On Monday, Sept. 15, a cast and crew of about 40 professionals and students transformed the IPR student commons into a dimly lit bar. “The Institution” served as the headquarters for Nick, a down-on-his-luck hit man, a character in the student/professional collaborative short film CTRL+ALT+DEL.
This project is the third in a series of short films that are part of the coursework for the Digital Video and Media Production degree at IPR. The shorts are the work of DVMP instructor Andrew Hunt but are definitely the result of a cooperative effort within the department and the college.
Hunt taps into his students to help brainstorm ideas and develop the story, and for CTRL+ALT+DLT, he enlisted DVMP chair Trey Wodele, who served as Assistant Director on the short film.
“It’s a dangerous thing to give a guy like me the “green light” on a project,” Hunt declares. “And [DVMP Chair] Trey Wodele has given us that light three times with IPR… this time around, Trey was with us the whole time. Nothing is cooler than two grown men sitting behind a monitor trying not to lose it when the cameras start rolling.”
“This project, this series of shorts, it’s Andy’s baby and he deserves all the credit,” says Wodele, “I just helped make sure that everything went smoothly, that we stayed on schedule, and that between IPR and our partners at Z Systems and Cynequipt, we had all the gear we needed.”
IPR partners with Z Systems to provide students access to professional camera equipment. This project was shot on a Sony F55, the same camera used to shoot major motion pictures like Ex Machina, A Million Ways to Die in the West, The Homesman, and Annie, and TV series’ like Marco Polo and The Blacklist. Cynequipt also partners with IPR to help students have access high-quality gear.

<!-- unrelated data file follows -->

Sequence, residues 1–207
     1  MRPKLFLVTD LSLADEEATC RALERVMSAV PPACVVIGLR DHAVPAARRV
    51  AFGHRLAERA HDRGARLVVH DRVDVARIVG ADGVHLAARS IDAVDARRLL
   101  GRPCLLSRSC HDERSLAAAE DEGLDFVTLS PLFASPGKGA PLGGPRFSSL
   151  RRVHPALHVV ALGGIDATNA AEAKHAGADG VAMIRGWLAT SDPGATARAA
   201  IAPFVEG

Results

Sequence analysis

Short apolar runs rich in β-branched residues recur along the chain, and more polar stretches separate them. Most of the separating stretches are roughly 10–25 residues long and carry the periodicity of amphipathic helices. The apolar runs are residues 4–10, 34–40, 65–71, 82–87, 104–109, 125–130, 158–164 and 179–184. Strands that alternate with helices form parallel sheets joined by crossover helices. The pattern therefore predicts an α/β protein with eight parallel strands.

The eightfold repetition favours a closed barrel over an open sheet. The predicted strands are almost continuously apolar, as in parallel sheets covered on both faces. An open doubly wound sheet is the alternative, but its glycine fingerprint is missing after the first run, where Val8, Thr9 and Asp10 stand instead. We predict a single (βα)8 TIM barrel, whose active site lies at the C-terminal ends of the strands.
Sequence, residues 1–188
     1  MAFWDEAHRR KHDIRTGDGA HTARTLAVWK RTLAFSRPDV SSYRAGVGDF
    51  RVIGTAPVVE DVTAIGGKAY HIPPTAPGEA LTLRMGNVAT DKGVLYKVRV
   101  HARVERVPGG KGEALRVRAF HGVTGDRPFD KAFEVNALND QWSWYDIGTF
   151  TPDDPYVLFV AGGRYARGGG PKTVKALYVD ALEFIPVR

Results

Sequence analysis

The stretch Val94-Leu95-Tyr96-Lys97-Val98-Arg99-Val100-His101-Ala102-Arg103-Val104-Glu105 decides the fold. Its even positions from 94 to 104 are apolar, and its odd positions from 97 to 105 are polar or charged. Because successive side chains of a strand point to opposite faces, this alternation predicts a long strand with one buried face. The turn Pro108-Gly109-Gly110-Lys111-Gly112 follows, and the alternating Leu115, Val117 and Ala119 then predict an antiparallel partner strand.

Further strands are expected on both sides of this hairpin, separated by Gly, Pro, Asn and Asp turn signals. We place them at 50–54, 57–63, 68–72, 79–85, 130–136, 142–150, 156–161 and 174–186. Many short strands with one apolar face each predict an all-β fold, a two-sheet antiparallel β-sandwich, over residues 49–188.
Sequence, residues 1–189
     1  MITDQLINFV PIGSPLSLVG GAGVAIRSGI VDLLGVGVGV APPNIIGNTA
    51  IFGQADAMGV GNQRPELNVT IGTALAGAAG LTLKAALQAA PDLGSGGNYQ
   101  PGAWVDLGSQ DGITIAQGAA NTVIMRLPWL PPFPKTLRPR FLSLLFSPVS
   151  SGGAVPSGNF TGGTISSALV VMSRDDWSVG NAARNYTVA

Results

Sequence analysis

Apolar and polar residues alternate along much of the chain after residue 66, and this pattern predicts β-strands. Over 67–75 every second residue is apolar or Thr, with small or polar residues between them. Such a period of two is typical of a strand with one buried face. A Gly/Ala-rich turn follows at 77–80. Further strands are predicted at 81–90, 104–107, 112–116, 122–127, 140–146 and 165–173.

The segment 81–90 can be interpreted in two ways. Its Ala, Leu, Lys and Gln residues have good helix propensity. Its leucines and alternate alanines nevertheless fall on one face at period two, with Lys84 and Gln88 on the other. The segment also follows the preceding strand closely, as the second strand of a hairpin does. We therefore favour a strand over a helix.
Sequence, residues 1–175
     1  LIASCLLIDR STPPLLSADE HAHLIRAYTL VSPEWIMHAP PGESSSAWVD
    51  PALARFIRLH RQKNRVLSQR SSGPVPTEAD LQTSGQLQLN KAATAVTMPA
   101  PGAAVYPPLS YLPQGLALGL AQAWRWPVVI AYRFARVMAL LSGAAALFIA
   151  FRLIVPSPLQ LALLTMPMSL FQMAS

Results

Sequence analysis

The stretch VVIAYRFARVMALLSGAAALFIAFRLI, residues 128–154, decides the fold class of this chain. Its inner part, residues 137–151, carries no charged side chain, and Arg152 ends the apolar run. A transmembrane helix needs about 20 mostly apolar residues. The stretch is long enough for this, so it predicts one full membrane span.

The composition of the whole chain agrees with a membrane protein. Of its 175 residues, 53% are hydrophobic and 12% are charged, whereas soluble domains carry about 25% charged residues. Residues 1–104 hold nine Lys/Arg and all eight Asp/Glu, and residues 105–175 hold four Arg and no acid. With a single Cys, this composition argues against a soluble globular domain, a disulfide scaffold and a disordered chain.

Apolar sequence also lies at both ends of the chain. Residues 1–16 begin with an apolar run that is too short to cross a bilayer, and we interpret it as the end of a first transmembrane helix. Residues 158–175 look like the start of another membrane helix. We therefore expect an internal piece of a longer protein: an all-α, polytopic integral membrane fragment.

Wodele credits the two companies for their support of emerging local filmmakers. “Both Z Systems and Cynequipt are instrumental to what we are doing here at IPR,” remarked Wodele, “They are both strong advocates and supporters of the local film community.”
The short film, a gritty comedy about a father contacting a hitman to take out his son, features actors Matt Roy (I am Not a Serial Killer, Wilson, In an Instant) and local character actor Kevin Lokey. Thirteen IPR DVMP students worked in various departments, and a dozen more volunteered to serve as extras at the bar.
The 12+ hour shoot started on Monday at 6 p.m. and went overnight to take advantage of the darkness. On Tuesday morning, there were more than a few students napping on the couches in the commons.
DV High School Advantage student Christopher Anema had his first experience on a professionally-run film set. Christopher finished up his first class – a screenwriting class at IPR this term.
“Being on the set of CTRL+ALT+DEL opened my eyes to how scripts truly impact and inspire a film. I could see my own vision of how I imagined the film taking place but the film had a whole different feel than I imagined, but that’s what made it so interesting to see.”
Both the pros and the students had a great deal to say on social media:
“Great cast, great crew. IPR students are the best.” Jenilee Parks, Sound Mixer and IPR Sound Design for Visual Media graduate.
“The whole process was inspirational.” Stanley Partyka, IPR Student.
“So grateful to have gotten the opportunity to tag along on this one! Y’all are the greatest! It was such a fantastic experience. Thanks for letting me jump on board!” Anna Stranz, Actress (Superhuman, Miles Between Us).
“[CTRL+ALT+DLT] was an absolute pleasure!! Great cast, crew and experience! Thank you, thank you, thank you.” Matt Roy.
In addition to CTRL+ALT+DLT Hunt, his professional colleagues, and the DVMP students have produced two shorts, Personal Space, which won multiple awards at the 2016 Z Fest, and Reset, which is currently in post-production. The next project will be produced this spring. Hunt and Wodele are already tossing ideas back and forth with students.
And Hunt is eager to get started, “Nothing makes me prouder than to watch my students do their thing alongside a crew of professionals.”
“One thing we do know about the next short,” says Wodele with a wink, “it will not be shot overnight. The students might be OK with overnighters, but Andy and I, we’re getting too old for that.”